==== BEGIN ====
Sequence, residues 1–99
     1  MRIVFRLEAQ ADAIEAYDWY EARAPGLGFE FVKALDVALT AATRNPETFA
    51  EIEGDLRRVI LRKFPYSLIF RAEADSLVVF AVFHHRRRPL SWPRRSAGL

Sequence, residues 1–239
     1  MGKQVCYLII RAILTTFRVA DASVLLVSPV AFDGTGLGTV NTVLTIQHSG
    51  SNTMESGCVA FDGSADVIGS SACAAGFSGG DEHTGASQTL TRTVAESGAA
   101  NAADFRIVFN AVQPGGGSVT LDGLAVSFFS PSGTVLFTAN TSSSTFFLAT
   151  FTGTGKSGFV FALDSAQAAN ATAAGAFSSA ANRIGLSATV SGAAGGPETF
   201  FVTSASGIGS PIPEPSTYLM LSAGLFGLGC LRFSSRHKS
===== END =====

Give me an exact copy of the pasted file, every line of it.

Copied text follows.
Sequence, residues 1–99
     1  MRIVFRLEAQ ADAIEAYDWY EARAPGLGFE FVKALDVALT AATRNPETFA
    51  EIEGDLRRVI LRKFPYSLIF RAEADSLVVF AVFHHRRRPL SWPRRSAGL

Sequence, residues 1–239
     1  MGKQVCYLII RAILTTFRVA DASVLLVSPV AFDGTGLGTV NTVLTIQHSG
    51  SNTMESGCVA FDGSADVIGS SACAAGFSGG DEHTGASQTL TRTVAESGAA
   101  NAADFRIVFN AVQPGGGSVT LDGLAVSFFS PSGTVLFTAN TSSSTFFLAT
   151  FTGTGKSGFV FALDSAQAAN ATAAGAFSSA ANRIGLSATV SGAAGGPETF
   201  FVTSASGIGS PIPEPSTYLM LSAGLFGLGC LRFSSRHKS